The growing range of viewing options consumers are using is evident in Extreme Reach’s quarterly reports[2] over the last year. One might have expected CTV assets to remain at their pre-pandemic levels or grow over the last year, and for mobile device impressions to drop, as more people worked from home and commuted less. Instead, CTV decreased, and mobile impressions gained steam. CTV dropped from 47% of impressions in 2019, down to 37% at the beginning of 2020. By the end of the year CTV held steady at 35%. During pandemic shutdowns in Q2 and Q3 of 2020, mobile app impressions were at 26%, and mobile web impressions were at 12-13%. Desktop grew from 16% in 2019, up to 20-23% throughout 2020.

The growth of streaming services can be attributed, in part, to the number of mobile impressions, as these services and apps provide premium content on mobile devices, including tablets. The availability of this content through streaming across TVs and devices lifts all ships, it would seem.

“With entertainment companies solidly including streaming services in their distribution strategies for original content and content unveilings, we expect to see continued escalation in streaming adoption,” said Melinda McLaughlin, CMO of Extreme Reach.

This hybrid world with so many streaming options will also continue to turn out both ad-supported and ad-free subscription content.

“Ad-supported and ad-free streaming both have value for consumers in the streaming landscape,” McLaughlin explained. “Where this lands will really depend on how much consumers are willing to spend on platforms and entertainment, as well as the amount of time they anticipate spending with each service and what type of experience they seek.”

McLaughlin applauds the amount of options for media consumers. She added, “We all have more content and more ways to watch it than ever before. We may be struggling with weeding through all the ways to find it, and there definitely needs to be innovation in search and discover interfaces, but I wouldn’t say that consumers are fed up with the explosion of content.”

Streaming video paving the way for data collaborations

These kinds of collaborations see no signs of letting up. Marketing specialist firm Winterberry Group flagged both data collaborations in linear and connected TV as areas of growth in their 2021 outlook[3]

“Data collaboration is going to be as important in the CTV/linear ad markets, since we expect more private gardens to exist by cable providers, broadcast/streaming networks and device manufacturers,” said senior managing partner Bruce Biegel. “Brands and their agencies want to collaborate to enable insights, activation with reach and frequency capping and, as importantly, measurement.”

For those who expect subscription streaming services to keep down ad revenue from supposedly less-popular ad-supported programming, Biegel’s findings say otherwise.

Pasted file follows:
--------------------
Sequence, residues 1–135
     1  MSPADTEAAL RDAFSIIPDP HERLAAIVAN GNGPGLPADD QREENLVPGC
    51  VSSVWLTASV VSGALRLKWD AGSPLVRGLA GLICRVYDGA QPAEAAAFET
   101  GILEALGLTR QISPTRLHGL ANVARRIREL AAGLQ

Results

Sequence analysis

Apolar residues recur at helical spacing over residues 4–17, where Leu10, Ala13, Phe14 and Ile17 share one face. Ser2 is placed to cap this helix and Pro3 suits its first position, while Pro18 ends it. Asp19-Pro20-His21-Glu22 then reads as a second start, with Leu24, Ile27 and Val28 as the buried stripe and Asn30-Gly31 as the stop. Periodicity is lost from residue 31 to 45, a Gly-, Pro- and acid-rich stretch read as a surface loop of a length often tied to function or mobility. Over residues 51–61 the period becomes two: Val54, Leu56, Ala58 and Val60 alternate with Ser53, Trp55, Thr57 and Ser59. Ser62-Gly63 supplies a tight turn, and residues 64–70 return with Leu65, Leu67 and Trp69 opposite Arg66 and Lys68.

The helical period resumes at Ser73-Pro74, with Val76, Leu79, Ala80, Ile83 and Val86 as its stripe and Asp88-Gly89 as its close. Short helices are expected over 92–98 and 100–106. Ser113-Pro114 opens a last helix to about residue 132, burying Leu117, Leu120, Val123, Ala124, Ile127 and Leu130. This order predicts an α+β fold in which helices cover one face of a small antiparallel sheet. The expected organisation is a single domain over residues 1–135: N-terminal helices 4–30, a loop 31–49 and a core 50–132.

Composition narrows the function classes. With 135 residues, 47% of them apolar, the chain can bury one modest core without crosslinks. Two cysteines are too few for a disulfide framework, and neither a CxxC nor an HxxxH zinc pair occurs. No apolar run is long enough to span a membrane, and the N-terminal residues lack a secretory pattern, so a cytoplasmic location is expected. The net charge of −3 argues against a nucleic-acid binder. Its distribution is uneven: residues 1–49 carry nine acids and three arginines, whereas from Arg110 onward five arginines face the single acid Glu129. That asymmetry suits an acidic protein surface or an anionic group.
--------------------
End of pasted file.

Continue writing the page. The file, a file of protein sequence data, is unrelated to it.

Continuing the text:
“At the same time we are seeing subscription streaming growth, we are also seeing an increase in ad-supported streaming — which we expect to accelerate as households and individuals cap the number of channels that they subscribe to,” Biegel explained.

He added, “This will open new ad opportunities and also allow for increased targeting options across linear and digital/CTV. We do expect that spending becomes more fluid across the channels as advertisers seek audiences across their TVs and digital devices.”

More channels and devices simply indicate that more data and collaborations are required to reach the relevant, targeted audience in a privacy-safe way.

As the streaming audience grows, the gains to be made by marketers and publishers who reach them effectively will also increase. So far, data collaborations appear to be rising to the challenge.

About The Author

Chris Wood draws on over 15 years of reporting experience as a B2B editor and journalist. At DMN, he served as associate editor, offering original analysis on the evolving marketing tech landscape. He has interviewed leaders in tech and policy, from Canva CEO Melanie Perkins, to former Cisco CEO John Chambers, and Vivek Kundra, appointed by Barack Obama as the country’s first federal CIO. He is especially interested in how new technologies, including voice and blockchain, are disrupting the marketing world as we know it. In 2019, he moderated a panel on “innovation theater” at Fintech Inn, in Vilnius. In addition to his marketing-focused reporting in industry trades like Robotics Trends, Modern Brewery Age and AdNation News, Wood has also written for KIRKUS, and contributes fiction, criticism and poetry to several leading book blogs. He studied English at Fairfield University, and was born in Springfield, Massachusetts. He lives in New York.


  1. ^ we noted from the Q4 2020 report (
  2. ^ in Extreme Reach’s quarterly reports (
  3. ^ in their 2021 outlook (